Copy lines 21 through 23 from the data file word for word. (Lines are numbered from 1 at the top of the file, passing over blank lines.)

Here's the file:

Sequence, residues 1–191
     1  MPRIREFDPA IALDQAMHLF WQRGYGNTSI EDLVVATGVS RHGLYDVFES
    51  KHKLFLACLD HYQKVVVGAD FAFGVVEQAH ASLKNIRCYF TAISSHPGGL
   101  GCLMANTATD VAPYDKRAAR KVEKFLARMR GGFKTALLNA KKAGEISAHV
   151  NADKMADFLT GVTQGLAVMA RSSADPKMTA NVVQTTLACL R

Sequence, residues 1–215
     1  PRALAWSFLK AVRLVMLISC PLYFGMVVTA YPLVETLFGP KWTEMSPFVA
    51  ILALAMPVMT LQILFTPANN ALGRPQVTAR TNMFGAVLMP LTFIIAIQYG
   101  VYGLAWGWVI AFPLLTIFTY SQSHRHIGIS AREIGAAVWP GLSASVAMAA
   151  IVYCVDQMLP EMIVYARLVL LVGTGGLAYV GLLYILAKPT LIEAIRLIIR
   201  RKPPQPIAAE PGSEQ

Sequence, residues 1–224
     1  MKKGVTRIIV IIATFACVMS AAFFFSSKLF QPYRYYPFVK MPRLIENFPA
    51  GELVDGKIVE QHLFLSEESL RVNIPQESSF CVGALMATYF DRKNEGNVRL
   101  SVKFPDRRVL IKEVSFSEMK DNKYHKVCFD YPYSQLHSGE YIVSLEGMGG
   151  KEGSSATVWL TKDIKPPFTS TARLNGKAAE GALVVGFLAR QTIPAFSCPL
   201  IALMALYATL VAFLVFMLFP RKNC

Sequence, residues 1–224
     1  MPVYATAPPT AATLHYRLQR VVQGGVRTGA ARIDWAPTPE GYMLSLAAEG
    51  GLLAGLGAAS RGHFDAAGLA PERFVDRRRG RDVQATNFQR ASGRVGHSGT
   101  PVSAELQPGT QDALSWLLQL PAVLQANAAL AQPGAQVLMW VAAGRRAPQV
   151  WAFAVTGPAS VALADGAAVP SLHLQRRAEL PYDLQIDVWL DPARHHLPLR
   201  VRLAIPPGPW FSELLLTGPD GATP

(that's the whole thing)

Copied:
   101  PVSAELQPGT QDALSWLLQL PAVLQANAAL AQPGAQVLMW VAAGRRAPQV
   151  WAFAVTGPAS VALADGAAVP SLHLQRRAEL PYDLQIDVWL DPARHHLPLR
   201  VRLAIPPGPW FSELLLTGPD GATP